Dysphagia in a 30-year-old woman: too old for a congenital abnormality?

G Longcroft-wheaton, R. Ellis, S. Somers

Research output: Contribution to journalArticlepeer-review


A 30-year-old woman presented to the acute medical take with nausea and vomiting of 48 hours' duration. Clinical examination showed no evidence of bowel obstruction. X-rays showed no abnormalities and blood tests were unremarkable. A gastroenterology opinion was sought. A closer probing of the history revealed that the vomiting consisted of regurgitation of completely undigested food contents shortly after eating. As an infant she had been diagnosed with a ‘narrow’ oesophagus, but had been told by paediatricians that she would ‘grow out of it’. She was of short stature, and on closer questioning revealed that she had always found eating difficult and had a poor appetite. The possibility of partial oesophageal atresia was raised.

A gastroscopy was performed which revealed almost complete obstruction of the oesophagus at 35 cm. On barium swallow a thin string-like 4 cm passage into the stomach was evident, enough to allow the passage of fluids (Figures 1–3). A computed tomography scan was performed to further delineate the anatomy and to exclude a mass lesion associated with the stricture. Owing to the severity of the stenosis, it was felt that dilatation would only provide temporary relief and could be potentially dangerous, with a high risk of perforation. A surgical review was requested and it was decided that a Merendino jejunal transposition may be required to allow effective swallowing. The patient was consented for this elective procedure, and she was fed on a liquid diet of build-up products for 3 weeks. Surgery went ahead as planned. However, during the operation it was decided that the changes were not as severe as previously felt and that a simple myotomy would provide adequate relief, with the option to proceed to more aggressive surgery at a later date if needed. It was probable that a degree of the narrowing seen on imaging was caused by inflammation from eating solid foods, and that this had improved on the liquid diet. The postoperative period was complicated by an anastomotic leak. However, the patient recovered quickly from this and was discharged home shortly afterwards. In the 3 months post surgery she continued to improve, and she is now able to eat a normal diet without difficulty.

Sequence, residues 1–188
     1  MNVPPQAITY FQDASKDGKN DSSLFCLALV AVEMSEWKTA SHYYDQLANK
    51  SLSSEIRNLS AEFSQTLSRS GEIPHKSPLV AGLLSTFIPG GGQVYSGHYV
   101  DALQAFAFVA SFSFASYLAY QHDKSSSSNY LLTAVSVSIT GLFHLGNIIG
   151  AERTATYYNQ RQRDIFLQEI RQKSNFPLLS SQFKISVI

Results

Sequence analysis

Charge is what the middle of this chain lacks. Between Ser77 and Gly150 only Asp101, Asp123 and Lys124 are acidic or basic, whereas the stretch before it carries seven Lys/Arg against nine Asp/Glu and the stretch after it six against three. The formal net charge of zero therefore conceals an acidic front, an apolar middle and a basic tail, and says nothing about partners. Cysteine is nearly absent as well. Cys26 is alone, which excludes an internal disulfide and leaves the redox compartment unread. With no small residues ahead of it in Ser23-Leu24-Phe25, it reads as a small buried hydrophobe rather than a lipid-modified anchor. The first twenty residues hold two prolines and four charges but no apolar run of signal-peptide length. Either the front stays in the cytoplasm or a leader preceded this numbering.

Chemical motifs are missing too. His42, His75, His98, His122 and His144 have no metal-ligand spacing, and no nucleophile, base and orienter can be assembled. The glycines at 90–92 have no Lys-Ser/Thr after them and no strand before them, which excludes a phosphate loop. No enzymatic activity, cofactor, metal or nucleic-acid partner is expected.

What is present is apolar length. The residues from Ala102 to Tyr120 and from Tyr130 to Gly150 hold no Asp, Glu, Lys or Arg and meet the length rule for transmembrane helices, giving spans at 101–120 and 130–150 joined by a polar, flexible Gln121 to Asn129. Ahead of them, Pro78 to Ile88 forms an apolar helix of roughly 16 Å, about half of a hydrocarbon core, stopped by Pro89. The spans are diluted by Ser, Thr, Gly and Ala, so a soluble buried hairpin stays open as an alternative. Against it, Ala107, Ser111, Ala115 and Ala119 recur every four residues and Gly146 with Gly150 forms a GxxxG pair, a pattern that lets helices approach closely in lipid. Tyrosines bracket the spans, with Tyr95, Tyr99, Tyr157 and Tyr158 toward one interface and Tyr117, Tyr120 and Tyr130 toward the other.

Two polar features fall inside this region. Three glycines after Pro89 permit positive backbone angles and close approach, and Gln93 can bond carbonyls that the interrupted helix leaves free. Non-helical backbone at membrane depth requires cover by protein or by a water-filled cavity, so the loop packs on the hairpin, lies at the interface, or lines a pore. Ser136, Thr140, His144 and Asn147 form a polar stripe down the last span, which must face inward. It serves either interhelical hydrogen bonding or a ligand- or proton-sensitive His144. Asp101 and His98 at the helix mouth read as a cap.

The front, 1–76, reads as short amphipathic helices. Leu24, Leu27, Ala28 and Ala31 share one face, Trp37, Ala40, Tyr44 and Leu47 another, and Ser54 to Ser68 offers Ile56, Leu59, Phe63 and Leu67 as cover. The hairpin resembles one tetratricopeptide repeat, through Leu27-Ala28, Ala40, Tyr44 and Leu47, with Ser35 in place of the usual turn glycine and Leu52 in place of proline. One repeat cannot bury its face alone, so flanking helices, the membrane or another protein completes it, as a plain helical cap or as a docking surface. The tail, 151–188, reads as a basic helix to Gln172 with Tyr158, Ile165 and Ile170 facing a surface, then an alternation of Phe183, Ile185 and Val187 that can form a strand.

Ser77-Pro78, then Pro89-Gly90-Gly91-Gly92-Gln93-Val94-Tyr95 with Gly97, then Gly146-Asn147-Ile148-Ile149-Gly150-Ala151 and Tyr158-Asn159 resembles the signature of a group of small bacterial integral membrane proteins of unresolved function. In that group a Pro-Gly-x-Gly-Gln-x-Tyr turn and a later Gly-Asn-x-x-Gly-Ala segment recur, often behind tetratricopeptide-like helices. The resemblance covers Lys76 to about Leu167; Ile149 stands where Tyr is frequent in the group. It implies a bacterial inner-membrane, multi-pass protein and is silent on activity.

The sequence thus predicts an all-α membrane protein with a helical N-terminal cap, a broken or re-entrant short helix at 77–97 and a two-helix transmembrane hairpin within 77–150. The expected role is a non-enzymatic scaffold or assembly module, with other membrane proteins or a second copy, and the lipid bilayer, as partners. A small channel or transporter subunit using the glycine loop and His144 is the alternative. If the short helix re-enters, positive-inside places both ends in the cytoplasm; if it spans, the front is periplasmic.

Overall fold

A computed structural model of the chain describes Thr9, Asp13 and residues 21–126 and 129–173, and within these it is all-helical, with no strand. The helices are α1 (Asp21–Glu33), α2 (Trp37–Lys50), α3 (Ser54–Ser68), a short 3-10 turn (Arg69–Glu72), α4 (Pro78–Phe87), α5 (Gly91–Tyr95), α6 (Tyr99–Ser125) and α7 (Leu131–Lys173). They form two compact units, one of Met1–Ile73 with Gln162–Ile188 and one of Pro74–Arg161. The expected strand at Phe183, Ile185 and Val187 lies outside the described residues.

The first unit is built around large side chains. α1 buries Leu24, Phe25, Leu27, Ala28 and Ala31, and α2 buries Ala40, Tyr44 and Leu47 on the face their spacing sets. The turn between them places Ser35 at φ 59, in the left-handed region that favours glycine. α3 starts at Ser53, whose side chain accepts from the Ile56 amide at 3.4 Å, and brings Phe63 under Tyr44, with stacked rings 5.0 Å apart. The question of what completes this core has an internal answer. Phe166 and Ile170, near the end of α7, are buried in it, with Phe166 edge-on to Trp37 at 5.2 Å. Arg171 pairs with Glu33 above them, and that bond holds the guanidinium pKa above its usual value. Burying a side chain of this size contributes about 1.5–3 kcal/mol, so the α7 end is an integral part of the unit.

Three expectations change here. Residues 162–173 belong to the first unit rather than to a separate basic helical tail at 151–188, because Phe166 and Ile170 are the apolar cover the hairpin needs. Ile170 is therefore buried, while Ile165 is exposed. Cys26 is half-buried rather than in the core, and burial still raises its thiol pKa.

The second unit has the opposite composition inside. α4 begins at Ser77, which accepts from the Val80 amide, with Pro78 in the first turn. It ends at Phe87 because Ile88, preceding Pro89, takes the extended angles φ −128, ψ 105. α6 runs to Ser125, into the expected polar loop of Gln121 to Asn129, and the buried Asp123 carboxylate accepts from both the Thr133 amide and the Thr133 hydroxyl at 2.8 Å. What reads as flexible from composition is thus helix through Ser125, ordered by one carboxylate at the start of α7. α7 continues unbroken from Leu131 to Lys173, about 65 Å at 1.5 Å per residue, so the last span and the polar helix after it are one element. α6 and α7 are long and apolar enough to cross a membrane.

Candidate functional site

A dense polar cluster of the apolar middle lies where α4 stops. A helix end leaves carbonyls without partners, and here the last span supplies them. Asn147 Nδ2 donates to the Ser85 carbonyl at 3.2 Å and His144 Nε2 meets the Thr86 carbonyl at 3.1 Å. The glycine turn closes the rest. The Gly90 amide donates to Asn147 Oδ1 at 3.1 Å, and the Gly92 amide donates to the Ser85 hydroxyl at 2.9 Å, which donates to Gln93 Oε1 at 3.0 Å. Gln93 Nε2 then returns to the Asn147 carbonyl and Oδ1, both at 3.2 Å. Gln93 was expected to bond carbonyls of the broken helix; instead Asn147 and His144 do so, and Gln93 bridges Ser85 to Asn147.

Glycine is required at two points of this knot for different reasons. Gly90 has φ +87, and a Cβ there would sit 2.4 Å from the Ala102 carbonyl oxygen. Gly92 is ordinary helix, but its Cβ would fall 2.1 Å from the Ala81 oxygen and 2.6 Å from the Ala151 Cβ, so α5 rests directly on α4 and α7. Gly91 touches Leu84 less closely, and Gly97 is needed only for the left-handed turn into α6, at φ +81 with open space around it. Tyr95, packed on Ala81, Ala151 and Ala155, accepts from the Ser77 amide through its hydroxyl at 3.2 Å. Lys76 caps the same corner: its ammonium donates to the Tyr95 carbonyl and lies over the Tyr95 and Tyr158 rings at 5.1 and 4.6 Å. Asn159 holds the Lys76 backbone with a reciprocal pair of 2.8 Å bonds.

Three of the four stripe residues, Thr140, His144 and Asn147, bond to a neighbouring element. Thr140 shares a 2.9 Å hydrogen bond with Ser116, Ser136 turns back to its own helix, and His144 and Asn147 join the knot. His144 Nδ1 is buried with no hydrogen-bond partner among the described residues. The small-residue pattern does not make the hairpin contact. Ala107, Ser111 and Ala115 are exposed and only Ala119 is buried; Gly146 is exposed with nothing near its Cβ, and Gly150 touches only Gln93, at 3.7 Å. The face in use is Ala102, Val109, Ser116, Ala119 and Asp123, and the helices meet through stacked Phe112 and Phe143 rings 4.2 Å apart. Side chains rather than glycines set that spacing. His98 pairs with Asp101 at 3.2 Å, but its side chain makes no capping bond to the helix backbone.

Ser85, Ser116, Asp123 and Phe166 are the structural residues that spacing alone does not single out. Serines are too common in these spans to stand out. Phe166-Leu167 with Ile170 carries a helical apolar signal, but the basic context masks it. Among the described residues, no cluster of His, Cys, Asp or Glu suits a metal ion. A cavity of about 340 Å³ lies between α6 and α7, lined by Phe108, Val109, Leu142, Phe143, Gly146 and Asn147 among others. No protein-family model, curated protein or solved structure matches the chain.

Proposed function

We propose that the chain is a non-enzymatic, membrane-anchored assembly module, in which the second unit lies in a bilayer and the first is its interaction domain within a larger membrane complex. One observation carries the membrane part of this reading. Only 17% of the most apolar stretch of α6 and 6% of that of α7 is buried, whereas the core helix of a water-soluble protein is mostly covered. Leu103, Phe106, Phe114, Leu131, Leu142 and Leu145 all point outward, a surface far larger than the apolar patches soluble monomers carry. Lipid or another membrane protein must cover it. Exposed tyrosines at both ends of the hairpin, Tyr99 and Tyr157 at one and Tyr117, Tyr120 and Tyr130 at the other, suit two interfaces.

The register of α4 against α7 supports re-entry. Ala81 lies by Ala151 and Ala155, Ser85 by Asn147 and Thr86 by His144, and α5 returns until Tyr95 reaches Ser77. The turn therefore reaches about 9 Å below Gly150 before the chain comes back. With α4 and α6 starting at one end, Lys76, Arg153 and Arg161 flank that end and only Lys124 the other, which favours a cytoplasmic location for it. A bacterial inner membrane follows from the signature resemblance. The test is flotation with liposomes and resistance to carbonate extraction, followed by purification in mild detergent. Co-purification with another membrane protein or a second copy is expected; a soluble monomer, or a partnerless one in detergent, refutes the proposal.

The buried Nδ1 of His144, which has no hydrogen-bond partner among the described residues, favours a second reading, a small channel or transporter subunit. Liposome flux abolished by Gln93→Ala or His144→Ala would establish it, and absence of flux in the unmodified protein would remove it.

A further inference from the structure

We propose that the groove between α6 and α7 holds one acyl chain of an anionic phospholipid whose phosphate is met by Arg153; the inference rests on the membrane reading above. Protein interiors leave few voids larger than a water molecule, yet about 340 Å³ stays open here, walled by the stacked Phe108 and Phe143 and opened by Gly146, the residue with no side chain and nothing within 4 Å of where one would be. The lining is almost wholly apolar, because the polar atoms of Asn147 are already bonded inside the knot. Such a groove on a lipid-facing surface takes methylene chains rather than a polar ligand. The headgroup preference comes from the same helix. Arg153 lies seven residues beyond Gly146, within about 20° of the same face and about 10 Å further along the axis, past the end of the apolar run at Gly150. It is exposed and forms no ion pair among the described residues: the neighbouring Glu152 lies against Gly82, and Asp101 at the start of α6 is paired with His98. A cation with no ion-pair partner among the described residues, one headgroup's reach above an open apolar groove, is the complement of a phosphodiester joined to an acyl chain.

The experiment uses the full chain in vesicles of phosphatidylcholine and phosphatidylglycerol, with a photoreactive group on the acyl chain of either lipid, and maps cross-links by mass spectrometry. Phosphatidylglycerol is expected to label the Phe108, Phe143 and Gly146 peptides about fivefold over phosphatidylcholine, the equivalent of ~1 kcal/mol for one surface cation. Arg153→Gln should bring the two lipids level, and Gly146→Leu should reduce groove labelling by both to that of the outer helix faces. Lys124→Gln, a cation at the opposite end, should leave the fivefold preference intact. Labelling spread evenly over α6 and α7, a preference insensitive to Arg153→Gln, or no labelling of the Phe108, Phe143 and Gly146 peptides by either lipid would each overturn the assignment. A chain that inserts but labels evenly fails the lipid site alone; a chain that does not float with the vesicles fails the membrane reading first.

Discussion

Original languageEnglish
Pages (from-to)170-171
JournalBritish Journal of Hospital Medicine
Issue number3
Publication statusPublished - 1 Mar 2010
Externally publishedYes


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